With more insight from the complicit parties (lol), mother has become both more interesting and one dimensional at once. The newer input I have from a few different voices has indicated that she can be as petty and harsh as I've experienced. She's been caught in some rather stark contradictions and outright lies that seem to be resented widely. I've been assured that lending money to her when she's in distress is sure to cause more problems than it heals. All that. That's sort of the one dimensional side though. Knowing that her tendency that way was not customized for me has been liberating and has led me to wonder more about her than before.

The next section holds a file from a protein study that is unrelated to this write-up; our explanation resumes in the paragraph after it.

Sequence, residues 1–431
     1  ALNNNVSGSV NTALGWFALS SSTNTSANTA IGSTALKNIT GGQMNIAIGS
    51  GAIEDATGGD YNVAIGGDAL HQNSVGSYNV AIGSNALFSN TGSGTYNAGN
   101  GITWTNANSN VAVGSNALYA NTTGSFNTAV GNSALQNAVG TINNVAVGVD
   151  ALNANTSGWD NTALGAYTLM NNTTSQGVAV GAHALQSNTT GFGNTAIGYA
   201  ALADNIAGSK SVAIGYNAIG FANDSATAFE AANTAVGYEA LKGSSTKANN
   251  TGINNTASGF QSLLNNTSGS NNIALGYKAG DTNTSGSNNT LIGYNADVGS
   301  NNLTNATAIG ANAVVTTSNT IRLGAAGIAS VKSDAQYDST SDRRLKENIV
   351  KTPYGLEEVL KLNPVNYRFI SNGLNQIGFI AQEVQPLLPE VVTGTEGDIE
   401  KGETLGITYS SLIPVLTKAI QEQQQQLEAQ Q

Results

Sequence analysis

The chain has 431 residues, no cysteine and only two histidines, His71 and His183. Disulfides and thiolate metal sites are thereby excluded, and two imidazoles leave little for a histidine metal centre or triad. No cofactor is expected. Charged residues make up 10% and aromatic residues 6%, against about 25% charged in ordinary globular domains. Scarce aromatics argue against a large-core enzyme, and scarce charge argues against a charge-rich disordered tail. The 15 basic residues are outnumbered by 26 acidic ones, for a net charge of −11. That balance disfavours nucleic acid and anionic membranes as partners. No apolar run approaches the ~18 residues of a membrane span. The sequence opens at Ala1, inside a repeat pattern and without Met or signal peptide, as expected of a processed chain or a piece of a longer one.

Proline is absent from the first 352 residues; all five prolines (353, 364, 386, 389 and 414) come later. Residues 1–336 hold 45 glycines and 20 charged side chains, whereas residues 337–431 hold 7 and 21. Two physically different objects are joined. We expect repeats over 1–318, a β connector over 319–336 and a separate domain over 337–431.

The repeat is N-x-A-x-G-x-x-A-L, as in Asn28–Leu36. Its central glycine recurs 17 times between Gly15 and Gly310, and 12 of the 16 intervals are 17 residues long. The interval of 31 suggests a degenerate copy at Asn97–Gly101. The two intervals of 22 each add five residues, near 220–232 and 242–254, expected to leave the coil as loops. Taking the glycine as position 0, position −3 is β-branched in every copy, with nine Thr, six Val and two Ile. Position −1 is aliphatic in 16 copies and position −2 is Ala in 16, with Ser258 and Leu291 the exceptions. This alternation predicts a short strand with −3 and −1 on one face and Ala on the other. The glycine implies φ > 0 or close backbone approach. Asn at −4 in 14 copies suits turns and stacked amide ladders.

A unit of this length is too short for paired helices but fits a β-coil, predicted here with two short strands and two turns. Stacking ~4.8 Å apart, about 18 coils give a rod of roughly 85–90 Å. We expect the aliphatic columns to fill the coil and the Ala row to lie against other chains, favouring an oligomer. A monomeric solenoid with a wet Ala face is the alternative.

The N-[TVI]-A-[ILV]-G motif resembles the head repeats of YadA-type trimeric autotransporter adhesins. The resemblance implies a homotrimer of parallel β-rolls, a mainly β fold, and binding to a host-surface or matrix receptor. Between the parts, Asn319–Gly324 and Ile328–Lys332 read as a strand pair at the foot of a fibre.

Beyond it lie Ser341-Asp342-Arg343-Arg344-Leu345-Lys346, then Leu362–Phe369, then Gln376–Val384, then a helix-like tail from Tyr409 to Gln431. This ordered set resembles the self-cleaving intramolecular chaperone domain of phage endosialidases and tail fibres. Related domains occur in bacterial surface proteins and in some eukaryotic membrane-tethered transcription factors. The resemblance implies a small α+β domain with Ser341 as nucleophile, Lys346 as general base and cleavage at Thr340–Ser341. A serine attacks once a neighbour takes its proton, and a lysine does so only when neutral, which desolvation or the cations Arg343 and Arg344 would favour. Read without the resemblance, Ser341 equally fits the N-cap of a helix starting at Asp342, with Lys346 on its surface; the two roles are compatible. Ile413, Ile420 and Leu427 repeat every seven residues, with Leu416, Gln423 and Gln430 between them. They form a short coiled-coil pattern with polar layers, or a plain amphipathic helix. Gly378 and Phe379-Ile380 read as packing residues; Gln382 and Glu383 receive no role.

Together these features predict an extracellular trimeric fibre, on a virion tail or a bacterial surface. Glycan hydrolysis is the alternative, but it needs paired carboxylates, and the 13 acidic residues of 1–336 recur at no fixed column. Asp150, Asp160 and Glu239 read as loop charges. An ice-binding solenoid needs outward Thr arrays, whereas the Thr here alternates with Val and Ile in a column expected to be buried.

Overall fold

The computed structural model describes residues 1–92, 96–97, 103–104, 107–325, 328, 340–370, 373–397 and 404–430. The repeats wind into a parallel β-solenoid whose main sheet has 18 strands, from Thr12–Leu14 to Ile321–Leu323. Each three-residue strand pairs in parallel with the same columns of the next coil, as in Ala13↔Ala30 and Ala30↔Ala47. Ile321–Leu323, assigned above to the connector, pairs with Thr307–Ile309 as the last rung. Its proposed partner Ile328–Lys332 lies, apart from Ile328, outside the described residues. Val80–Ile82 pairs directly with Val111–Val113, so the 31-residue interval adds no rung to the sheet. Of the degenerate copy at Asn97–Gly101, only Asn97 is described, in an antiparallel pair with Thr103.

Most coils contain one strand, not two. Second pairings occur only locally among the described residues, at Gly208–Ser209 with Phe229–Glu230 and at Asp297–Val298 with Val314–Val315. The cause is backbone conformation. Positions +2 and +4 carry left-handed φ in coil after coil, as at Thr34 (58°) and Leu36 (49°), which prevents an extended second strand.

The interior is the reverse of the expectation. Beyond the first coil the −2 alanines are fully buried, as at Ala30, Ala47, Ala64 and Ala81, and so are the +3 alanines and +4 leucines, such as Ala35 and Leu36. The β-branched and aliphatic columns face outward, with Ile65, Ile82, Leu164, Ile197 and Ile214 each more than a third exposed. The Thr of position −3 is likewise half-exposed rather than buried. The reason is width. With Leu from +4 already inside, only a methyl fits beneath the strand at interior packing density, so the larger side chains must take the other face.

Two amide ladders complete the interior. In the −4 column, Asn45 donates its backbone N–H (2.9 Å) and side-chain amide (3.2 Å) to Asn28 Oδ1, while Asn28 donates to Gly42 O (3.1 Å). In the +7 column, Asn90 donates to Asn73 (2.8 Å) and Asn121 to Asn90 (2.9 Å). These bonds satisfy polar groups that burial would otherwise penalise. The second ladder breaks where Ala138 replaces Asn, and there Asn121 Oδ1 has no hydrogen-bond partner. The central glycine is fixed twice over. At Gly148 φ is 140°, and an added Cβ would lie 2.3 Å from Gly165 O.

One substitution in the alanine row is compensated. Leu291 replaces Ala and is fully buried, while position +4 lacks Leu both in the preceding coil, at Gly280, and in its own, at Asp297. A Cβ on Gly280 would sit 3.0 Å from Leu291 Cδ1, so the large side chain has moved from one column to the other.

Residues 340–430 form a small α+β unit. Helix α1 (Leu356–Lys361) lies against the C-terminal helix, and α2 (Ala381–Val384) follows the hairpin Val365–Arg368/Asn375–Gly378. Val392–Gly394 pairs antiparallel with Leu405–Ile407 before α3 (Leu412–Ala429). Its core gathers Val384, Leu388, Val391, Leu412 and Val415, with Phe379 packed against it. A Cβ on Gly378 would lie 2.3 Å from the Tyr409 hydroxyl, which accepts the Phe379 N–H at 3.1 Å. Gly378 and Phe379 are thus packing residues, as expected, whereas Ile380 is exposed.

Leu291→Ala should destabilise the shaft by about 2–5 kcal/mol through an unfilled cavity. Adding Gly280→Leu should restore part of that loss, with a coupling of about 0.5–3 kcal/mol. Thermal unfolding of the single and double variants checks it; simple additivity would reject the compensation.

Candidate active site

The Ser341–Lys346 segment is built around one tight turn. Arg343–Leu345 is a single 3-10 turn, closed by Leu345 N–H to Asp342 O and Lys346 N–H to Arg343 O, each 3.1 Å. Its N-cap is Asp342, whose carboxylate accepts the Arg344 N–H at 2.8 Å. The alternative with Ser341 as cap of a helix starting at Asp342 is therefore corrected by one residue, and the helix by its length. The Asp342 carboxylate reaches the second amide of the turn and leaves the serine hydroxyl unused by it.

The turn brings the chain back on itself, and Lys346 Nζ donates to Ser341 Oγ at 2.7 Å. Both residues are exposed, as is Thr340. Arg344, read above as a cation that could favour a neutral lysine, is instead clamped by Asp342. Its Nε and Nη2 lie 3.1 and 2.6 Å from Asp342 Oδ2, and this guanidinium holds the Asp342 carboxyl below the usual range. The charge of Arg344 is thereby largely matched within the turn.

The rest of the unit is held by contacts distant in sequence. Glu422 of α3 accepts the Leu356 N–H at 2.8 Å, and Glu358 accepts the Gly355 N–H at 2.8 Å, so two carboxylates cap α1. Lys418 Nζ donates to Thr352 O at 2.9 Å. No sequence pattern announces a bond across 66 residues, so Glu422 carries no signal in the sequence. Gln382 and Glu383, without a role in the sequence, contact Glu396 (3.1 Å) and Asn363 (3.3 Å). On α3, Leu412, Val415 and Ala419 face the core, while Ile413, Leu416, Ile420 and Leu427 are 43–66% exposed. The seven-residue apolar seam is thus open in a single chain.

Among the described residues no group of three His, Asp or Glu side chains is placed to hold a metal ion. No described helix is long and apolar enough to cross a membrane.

I understand she's a hurt woman like any other. What I don't yet have much understanding of is how at least in my case, she allowed herself to give up the fight for a relationship with me even after the legal situation with my old man ceased to be valid. What I can't really understand is how when I do make the independent attempt to get to know her, humbled by my own nicks and bruises in life and wanting to connect, she can't go there. What kind of momentum keeps her judging me as if I was my old man? Or why in the world did she not even tell me my brother was sick and was about to die just over two years ago? (She had no intention to, since I found that out six months later just because I dared drop in on her house unannounced for the first time in nearly four years.)